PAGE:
Managed accounts are offered by many different companies, and the mechanics vary. At CSA, Schuster and the firm's two founders, George Segal and Howard Abell, review the track records of independent commodity trading advisers all over the country, compiling a list of those that have turned in the best -- and most dependable -- performances. Their clients then select an adviser from the list and deposit their money with CSA, which in turn pays the adviser. The adviser gets an annual fee (usually 5% or 6% of the account's net asset value) plus an incentive fee of 15% to 20% of an account's net new profits, all more or less standard in the business. CSA gets brokerage commissions on trades ordered by the adviser, and in return keeps tabs on how the client's account is faring.

Other managed accounts rely on inhouse advisers or are set up by the advisory firms themselves. The latter arrangement, one trading adviser points out, enables the adviser to negotiate cut-rate fees with brokers, thereby saving clients up to 70% on each trade. Schuster argues that the arm's-length system maintained by CSA and many other brokers mininizes the potential for conflict of interest. Too often, he says, "the broker and the trading adviser wind up in bed together " ordering unnecessary trades on a client's account.

Whether or not you work through a broker, in any event, it is the adviser who has chief responsibility for making money for you. A few consider themselves fuandamentalists, scrutinizing every relevant detail of weather and economics and placing their bets accordingly. Many more are technical analysts, and the favored object of scrutiny is a computer screen programmed to reveal price-and-volume trends in individual commodities. The two approaches, of course, aren't mutually exclusive. "Watching the economy tells me that the price of copper sooner or later has to go up," Robert Patton explained late last fall. "But it doesn't tell me when to buy copper. That signal has to come from the price action on the market."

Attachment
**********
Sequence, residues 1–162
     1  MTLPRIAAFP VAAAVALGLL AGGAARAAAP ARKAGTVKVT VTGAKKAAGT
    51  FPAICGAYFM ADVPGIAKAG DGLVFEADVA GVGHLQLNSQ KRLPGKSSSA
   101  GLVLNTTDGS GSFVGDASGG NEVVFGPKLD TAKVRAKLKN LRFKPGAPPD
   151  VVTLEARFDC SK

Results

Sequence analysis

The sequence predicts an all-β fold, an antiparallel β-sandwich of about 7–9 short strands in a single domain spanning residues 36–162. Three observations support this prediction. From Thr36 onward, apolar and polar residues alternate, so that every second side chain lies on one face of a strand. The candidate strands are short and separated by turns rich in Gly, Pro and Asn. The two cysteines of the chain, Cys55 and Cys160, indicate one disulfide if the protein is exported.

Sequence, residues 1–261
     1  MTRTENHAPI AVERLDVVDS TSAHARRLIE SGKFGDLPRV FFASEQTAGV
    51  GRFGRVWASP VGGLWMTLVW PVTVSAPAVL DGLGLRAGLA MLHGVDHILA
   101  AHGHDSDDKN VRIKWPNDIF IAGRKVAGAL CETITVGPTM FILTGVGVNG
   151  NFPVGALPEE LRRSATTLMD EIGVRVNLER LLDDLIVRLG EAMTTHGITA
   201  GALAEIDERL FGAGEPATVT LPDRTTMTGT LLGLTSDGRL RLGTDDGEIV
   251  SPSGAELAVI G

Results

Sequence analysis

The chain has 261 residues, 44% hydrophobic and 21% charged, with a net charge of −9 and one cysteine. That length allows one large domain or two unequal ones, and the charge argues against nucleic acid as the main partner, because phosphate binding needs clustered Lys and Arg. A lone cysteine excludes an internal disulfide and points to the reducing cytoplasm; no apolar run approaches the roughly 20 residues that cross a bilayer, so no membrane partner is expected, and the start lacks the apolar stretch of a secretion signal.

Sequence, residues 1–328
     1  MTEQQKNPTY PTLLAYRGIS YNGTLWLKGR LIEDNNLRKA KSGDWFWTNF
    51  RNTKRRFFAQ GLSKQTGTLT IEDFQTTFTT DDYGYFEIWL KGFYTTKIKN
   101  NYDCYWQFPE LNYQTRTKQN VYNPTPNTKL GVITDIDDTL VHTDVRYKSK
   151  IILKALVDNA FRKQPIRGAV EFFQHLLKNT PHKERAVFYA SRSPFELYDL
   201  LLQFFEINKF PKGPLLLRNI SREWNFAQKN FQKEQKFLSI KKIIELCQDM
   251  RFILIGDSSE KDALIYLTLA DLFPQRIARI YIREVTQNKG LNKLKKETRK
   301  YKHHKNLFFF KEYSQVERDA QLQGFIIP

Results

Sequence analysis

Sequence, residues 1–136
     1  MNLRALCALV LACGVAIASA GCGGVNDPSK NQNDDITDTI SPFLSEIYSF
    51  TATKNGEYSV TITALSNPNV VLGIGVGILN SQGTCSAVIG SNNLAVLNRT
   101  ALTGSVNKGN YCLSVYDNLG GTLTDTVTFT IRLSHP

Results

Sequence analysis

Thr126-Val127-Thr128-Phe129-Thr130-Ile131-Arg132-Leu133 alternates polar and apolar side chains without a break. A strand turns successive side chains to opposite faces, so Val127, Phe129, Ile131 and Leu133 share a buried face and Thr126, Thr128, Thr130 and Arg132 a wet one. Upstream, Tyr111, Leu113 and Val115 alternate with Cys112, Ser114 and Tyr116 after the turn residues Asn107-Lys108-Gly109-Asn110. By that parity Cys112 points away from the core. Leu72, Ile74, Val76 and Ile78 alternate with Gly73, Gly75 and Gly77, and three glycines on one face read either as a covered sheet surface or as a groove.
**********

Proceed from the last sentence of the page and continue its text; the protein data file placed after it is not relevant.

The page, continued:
"Whatever their approach, traders don't care much whether their markets are moving up or down; they can make money as easily by going short (selling contracts) as by going long (buying contracts). Nor are they greatly concerned with the Dow Jones Industrial Average or most other market indicators, since most commodities rarely move in tandem with stocks or bonds.

What they do care about is being in the right place when a market begins a major move. Much of the time, the commodities markets are "choppy," moving up and down unpredictably, and as many as two out of every three trades lose money. But all those losses can be erased instantly when a market begins a longer-term trend. That, says Patton, is when an investment in futures can produce "mind boggling profits." Most advisers sprinkle their clients' money across several markets in hopes of being on board when a move begins -- although most also keep a substantial amount in cash or Treasury bills against the inevitable margin calls.